The Nigerian Communications Commission lists major cybercrimes in Nigeria to include hacking, identity theft, cyber terrorism, harassment, and internet fraud.
The Nigerian Senate has begun the process of reviewing and modifying the Cybercrime (Prohibition and Prevention) Act of 2015 with a view to taming cybercriminals and reducing the losses to online crimes estimated at over $500 million per year by the Nigerian Communications Commission (NCC).
The Senate President Godswill Akpabio, during a recent public hearing on the Cybercrime (Prohibition and Prevention) Act (Amendment) Bill, 2023, in Abuja, described cybercrime as a serious threat.
“In this day and age of rapid technological advancement and widespread internet use, cybercrime has emerged as a serious threat to our society, economy, and personal security.
“It is necessary to reinforce existing laws prohibiting and preventing cyber-crime.
“Individuals with ill intentions have already abused our lax cybercrime laws, harming our country’s name,” said the Senate president.
Nigeria’s cybersecurity status has not been impressive. In a Check Point Research Threat Intelligence Report for Nigeria, which benchmarks the country’s cybersecurity status against a global median, the magnitude of cybercrime is frightening.
Worldwide, the number of attacks experienced per business each week is 870 on average. Alarmingly, in Nigeria, this weekly figure is 2,308 across all industry sectors collectively. The more-granular per-industry analysis reveals this figure is higher still for businesses in the finance and banking sector.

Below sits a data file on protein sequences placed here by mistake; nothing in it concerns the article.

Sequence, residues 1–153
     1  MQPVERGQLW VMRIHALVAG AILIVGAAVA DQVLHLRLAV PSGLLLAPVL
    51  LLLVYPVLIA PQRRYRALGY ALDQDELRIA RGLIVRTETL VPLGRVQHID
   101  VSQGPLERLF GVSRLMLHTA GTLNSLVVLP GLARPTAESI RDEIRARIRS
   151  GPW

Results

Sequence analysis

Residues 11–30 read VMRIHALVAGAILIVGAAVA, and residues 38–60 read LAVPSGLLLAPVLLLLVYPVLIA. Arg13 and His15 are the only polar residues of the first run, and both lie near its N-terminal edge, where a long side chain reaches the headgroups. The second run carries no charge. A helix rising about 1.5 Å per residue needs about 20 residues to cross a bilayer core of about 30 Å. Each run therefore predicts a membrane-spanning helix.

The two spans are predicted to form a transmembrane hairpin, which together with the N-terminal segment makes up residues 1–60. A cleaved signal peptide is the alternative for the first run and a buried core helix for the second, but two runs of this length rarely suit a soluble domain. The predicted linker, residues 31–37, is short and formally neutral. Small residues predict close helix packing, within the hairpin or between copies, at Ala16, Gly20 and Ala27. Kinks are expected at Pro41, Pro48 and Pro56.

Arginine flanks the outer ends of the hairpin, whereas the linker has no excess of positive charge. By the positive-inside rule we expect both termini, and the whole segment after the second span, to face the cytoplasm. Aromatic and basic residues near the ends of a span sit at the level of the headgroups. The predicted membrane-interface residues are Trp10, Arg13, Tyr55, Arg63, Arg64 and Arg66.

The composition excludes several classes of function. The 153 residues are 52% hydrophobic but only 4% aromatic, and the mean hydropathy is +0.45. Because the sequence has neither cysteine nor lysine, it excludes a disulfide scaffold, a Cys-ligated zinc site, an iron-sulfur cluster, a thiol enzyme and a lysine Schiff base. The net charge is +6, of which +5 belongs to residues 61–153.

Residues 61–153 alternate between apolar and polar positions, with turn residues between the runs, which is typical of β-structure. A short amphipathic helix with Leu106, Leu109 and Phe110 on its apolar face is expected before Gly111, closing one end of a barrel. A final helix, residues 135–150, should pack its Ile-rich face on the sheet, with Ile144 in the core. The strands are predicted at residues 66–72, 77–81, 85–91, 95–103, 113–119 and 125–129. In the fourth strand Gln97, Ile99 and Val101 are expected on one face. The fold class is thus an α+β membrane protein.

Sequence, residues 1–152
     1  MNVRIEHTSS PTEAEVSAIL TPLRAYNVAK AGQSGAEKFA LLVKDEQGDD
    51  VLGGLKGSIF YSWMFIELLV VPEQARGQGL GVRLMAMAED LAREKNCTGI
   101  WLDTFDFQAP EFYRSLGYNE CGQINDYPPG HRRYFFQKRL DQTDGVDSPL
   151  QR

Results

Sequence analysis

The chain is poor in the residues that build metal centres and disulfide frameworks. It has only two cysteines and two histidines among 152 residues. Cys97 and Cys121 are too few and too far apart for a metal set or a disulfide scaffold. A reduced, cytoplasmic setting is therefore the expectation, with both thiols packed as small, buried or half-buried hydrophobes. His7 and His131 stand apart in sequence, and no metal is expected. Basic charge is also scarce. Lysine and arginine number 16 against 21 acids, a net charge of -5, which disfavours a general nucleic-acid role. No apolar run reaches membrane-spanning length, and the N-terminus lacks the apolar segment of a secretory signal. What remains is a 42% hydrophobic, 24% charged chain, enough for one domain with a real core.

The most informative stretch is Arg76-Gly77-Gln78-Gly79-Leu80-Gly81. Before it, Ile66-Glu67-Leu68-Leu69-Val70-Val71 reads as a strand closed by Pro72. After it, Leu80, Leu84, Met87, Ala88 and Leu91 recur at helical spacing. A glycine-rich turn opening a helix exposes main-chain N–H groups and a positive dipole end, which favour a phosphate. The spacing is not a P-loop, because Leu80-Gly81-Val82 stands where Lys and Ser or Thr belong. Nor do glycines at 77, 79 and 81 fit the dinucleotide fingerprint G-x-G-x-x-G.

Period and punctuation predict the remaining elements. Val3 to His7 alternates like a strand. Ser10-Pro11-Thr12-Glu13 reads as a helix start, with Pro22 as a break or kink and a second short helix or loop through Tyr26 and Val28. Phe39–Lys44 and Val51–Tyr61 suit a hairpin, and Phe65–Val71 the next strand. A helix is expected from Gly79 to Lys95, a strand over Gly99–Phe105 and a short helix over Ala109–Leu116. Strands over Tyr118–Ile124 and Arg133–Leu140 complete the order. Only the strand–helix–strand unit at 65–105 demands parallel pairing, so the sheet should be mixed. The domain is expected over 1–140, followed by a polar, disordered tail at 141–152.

Another recent report paints an alarming increase of cybercrimes against financial institutions, including fintech companies.
The Senate wants the fangs of existing law expanded to tame online criminals, thus an urgent need for a comprehensive legal framework to deter, investigate, prosecute, and jail cybercriminals.
Senator Akpabio who was represented at the event by leader of the Senate, Opeyemi Bamidele, explained that these crimes not only made the country suffer substantial financial losses, but eroded trust in Nigeria’s digital systems.
“These cybercriminals are involved in a wide range of illegal activities, including hacking, identity theft, fraud, harassment, and cyber terrorism.
“These crimes not only caused our country substantial financial losses, but they also invaded our privacy, crippled essential infrastructure, and eroded trust in our digital systems,” he noted.
The chairman of the Senate Committee on ICT and Cyber Security, Senator Shuaib Salisu, and chairman of the Senate Committee on National Security and Intelligence, Senator Shehu Buba Umar, initiated the public hearing.
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